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Introduction 5
Algebraic Notation 6
How to Play the Opening 8

The 50 Mighty Openings

1) Giuoco Piano 14
2) Evans Gambit 16
3) Two Knights Defence 18
4) Kings Gambit 20
5) Danish Gambit and Centre Game 22
6) Gring and Latvian Gambits 24
7) Bishops Opening and Vienna Game 26
8) Scotch Game 28
9) Philidor Defence 30
10) Petroff Defence 32
11) Ruy Lopez: Introduction 34
12) Ruy Lopez: Closed Main Lines 36
13) Ruy Lopez: Marshall Attack 38
14) Ruy Lopez: Open Spanish 40
15) Alekhine Defence 42
16) Scandinavian Defence 44
17) Caro-Kann Defence 46
18) French Defence: Introduction 48
19) French Defence: 3 c3 Main Lines 50
20) Sicilian Defence: Introduction 52
21) Closed Sicilian and Grand Prix Attack 54
22) Alapin (c3) Sicilian 56
23) Morra Gambit 58
24) b5 Sicilian 60
25) Open Sicilian: Introduction 62
26) Sicilian Dragon 64
27) Sicilian Najdorf 66
28) Sveshnikov Sicilian 68

29) Queens Gambit Accepted 70
30) Classical Queens Gambit Declined 72
31) Tartakower and Modern Lines 74
32) Queens Gambit Exchange Variations 76
33) Tarrasch Defence 78
34) Chigorin and Albin Counter-Gambit 80
35) Slav 82
36) Semi-Slav 84
37) London, Colle and Trompowsky 86
38) Dutch Defence 88
39) Modern Benoni and Benko Gambit 90
40) Kings Indian: Introduction 92
41) Kings Indian: Main Lines 94
42) Grnfeld Defence: Introduction 96
43) Exchange Grnfeld 98
44) Queens Indian and Bogo-Indian 100
45) Nimzo-Indian: Introduction 102
46) Nimzo-Indian: Main Lines 104
47) Reversed Sicilian 106
48) Symmetrical English 108
49) Assorted English Lines 110
50) Rti Opening 112

Test Your Opening Knowledge 114

Test Your Opening Skills 116
Test Solutions 123
Conclusion 128


OPENING 11 Ruy Lopez: Introduction

The opening that has stood the test of time like no other

The Ruy Lopez is one of the oldest and most important openings. After 1 e4 e5 2 f3
c6, White plays 3 b5 (1a). This looks less scary than 3 c4 as White doesnt target
the f7-pawn, but Whites plan is to put pressure on the e5-pawn by attacking its de-
fender. Sooner or later, Black will need to parry this threat, and White hopes to use the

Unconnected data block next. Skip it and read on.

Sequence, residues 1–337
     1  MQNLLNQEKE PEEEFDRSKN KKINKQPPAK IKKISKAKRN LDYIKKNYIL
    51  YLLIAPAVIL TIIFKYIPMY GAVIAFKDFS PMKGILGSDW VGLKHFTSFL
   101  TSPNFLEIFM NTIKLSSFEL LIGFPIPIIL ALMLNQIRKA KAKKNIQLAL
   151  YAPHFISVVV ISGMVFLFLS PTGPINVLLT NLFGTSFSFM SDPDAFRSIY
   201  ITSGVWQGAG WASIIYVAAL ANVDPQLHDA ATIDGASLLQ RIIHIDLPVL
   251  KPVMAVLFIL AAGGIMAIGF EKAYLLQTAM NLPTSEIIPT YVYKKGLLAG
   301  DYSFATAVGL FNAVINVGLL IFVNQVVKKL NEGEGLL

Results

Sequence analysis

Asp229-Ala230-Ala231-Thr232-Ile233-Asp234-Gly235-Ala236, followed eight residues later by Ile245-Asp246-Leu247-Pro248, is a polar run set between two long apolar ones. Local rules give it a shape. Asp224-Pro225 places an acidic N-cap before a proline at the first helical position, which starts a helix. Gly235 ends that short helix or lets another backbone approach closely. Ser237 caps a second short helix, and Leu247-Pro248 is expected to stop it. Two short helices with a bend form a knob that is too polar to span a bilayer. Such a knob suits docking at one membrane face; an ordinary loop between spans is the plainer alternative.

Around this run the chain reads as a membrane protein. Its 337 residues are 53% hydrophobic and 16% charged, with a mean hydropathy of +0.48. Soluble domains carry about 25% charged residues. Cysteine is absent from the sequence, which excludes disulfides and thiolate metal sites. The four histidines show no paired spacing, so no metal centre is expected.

time gained to establish a strong grip on the centre. Note also that Blacks pawn-thrust
...d5, which we saw repeatedly in the Giuoco Piano and Two Knights, will not hit the
bishop. Black has a wide choice of replies, as White isnt yet threatening 4 xc6 dxc6 5
xe5, because 5...d4 regains the pawn with a good game. Thus 3...d6 is unnecessarily
passive, and 4 d4 gives White the freer game. The main line is 3...a6, with points like 4
a4 d6 5 d4?! b5! 6 b3 xd4 7 xd4 exd4 8 xd4?? c5, when ...c4 will win the
white bishop. The solid 3...f6 (3) and the wild 3...f5 (4) are also possible, while the
natural 3...c5 leaves the bishop exposed to Whites c3 and d4 pawn-break.

Basic Positions of the Ruy Lopez

8r+lwkvnt( 8r+lwkv-t(
7zpzp+pzp 7+pzp+pzp
6-+n+-+-+& 6p+n+-s-+&
5+L+-z-+-% 5+-+-z-+-%
4-+-+P+-+$ 4L+-+P+-+$
3+-+-+N+-# 3+-+-+N+-#
xabcdefghy xabcdefghy
1a) Black moves 1b) Black moves
3...a6 forces the bishop to declare its in- Then 4...f6 5 0-0 leads to this position. It
tentions. For 4 xc6 dxc6 see diagram 2a. looks as if White has forgotten about his e-
4 a4 keeps the bishop, waiting for a pawn, but see page 40 for 5...xe4. The
better moment to exchange on c6. main move is 5...e7 (pages 36-9).

8r+lwkvnt( 8r+-wkvnt(
7+pz-+pzp 7+pz-+pz-
6p+p+-+-+& 6p+p+-+-+&
5+-+-z-+-% 5+-+-z-+p%
4-+-+P+-+$ 4-+-+P+l+$
3+-+-+N+-# 3+-+-+N+P#
xabcdefghy xabcdefghy
2a) White moves 2b) White moves
After 5 d4 exd4 6 xd4 xd4 7 xd4, a The position after 5 0-0 g4!? 6 h3 h5!.